Video interview with James Ehnes

 

 

  • ‘Marsick’ Stradivari of 1715, James Ehnes. Photo: John K. Becker & Company
  • ‘Marsick’ Stradivari of 1715, James Ehnes. Photo: John K. Becker & Company
  • ‘Marsick’ Stradivari of 1715, James Ehnes. Photo: John K. Becker & Company
  • ‘Marsick’ Stradivari of 1715, James Ehnes. Photo: John K. Becker & Company
  • ‘Marsick’ Stradivari of 1715, James Ehnes. Photo: John K. Becker & Company
  • ‘Marsick’ Stradivari of 1715, James Ehnes. Photo: John K. Becker & Company

The ‘Marsick’ Stradivari, Cremona, 1715

During Stradivari’s ‘golden period’ of 1710–20 we see the master at the height of his powers, using his most lavish materials and achieving an aesthetic and acoustic perfection that became the standard by which all subsequent violin making was to be judged. It is also during this decade that Stradivari’s varnish is arguably at its finest.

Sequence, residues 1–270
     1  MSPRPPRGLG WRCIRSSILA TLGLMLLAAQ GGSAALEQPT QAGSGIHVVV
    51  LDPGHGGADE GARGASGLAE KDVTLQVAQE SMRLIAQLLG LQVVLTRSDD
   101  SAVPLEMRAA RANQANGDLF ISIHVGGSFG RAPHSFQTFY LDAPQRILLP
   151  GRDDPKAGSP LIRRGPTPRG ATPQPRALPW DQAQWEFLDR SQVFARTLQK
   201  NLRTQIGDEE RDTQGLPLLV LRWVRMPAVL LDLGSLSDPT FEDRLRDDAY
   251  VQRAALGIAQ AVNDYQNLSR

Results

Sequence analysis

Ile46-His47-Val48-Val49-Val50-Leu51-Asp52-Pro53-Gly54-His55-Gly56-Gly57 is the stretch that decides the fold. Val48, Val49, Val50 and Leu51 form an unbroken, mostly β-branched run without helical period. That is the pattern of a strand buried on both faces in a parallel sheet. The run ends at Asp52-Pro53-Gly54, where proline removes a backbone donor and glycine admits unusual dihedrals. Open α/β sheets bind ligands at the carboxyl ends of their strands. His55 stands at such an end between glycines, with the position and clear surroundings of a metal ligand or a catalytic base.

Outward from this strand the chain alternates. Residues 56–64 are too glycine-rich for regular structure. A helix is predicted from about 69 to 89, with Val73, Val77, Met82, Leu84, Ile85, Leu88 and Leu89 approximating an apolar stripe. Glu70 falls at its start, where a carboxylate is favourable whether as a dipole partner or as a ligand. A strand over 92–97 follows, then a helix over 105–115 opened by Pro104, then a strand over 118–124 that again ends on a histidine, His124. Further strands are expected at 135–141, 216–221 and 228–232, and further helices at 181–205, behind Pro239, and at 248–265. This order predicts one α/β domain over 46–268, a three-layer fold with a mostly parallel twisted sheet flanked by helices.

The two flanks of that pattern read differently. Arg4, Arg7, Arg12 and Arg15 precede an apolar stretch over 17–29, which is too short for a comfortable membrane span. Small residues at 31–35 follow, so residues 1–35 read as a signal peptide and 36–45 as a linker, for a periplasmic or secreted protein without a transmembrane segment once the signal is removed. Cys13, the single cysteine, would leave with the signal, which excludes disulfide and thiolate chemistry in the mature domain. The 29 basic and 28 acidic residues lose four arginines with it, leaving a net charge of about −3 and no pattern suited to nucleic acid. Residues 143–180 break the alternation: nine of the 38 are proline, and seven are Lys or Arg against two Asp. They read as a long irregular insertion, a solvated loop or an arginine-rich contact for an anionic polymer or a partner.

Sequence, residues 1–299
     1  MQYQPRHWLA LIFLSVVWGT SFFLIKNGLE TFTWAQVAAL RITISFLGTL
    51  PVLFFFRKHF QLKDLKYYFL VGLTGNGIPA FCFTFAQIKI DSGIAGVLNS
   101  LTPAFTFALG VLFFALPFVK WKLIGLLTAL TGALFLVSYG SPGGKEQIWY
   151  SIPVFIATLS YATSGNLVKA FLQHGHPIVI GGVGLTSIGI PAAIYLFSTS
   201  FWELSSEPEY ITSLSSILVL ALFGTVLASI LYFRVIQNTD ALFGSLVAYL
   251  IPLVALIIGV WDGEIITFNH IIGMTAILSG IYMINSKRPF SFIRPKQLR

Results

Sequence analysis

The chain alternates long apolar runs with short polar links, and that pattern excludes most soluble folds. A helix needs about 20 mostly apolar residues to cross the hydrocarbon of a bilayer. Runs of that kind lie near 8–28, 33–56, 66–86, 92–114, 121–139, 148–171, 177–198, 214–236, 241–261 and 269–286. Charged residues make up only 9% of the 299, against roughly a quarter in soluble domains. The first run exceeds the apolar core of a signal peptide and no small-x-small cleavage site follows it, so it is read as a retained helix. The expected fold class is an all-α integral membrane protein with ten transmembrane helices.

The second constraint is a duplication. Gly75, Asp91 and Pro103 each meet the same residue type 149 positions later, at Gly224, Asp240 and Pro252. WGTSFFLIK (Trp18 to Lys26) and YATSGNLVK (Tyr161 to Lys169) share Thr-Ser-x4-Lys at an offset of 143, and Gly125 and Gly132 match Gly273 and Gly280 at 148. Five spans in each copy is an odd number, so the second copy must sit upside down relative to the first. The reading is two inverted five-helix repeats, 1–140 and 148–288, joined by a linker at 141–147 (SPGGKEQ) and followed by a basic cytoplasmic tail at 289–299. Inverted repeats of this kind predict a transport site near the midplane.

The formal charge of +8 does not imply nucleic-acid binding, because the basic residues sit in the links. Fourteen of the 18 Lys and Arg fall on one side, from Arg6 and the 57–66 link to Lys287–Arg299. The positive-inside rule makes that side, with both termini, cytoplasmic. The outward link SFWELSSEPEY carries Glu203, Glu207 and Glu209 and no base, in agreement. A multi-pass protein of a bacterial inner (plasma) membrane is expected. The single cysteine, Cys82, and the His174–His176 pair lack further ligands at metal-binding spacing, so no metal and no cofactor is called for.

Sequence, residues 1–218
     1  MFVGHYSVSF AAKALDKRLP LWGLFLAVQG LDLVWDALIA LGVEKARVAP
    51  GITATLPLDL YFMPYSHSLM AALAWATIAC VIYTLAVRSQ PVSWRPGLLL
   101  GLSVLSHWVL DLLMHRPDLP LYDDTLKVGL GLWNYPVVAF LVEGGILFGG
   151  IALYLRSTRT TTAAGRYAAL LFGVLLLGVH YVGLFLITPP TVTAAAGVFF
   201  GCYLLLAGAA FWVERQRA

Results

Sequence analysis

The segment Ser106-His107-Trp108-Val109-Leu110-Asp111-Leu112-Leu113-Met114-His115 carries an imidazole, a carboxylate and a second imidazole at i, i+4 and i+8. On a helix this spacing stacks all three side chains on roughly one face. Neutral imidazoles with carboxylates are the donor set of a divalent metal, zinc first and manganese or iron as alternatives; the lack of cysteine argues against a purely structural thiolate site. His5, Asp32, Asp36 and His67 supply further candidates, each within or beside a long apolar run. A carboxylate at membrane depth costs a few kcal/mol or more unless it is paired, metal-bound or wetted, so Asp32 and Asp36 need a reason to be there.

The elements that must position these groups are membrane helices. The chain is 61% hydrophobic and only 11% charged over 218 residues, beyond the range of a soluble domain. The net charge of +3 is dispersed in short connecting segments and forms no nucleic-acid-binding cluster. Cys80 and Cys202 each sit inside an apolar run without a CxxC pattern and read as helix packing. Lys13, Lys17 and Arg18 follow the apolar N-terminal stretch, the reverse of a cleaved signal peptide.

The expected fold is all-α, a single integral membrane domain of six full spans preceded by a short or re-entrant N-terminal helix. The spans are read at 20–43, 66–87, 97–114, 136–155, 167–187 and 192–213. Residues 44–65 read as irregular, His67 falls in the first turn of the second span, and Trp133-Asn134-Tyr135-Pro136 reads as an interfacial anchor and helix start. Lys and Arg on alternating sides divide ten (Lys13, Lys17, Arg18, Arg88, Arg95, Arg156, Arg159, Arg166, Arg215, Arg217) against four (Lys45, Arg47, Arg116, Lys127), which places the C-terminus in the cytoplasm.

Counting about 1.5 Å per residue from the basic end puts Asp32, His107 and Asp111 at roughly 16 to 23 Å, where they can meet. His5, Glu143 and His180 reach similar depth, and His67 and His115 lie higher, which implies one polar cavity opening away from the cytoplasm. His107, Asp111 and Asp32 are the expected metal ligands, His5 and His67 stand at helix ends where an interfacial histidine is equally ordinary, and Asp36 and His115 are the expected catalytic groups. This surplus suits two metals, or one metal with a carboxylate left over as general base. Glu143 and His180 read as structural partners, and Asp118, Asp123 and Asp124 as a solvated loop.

Much has been written about the secret, or lack thereof, of the ‘Stradivari varnish’, but in fact Stradivari achieved several different varnish results during his near 70-year career. Moving from the light straw-coloured varnish of his first instruments in the 1660s, he used a more heavily pigmented, darker varnish by the 1680s. In the 1690s he made some instruments with a bright golden-yellow varnish and others with a more sombre golden-brown, and by the early 1700s we begin to see a spectacular red varnish which becomes even more stunningly ruby-coloured through the golden period. During the last two decades of his life, the 1720s and 30s, his varnish becomes more heavily pigmented, often with a thick, slightly opaque orange-red colour.

Commentary by Jason Price

James Ehnes, Wigmore Hall Saturday 18 November 2017

 

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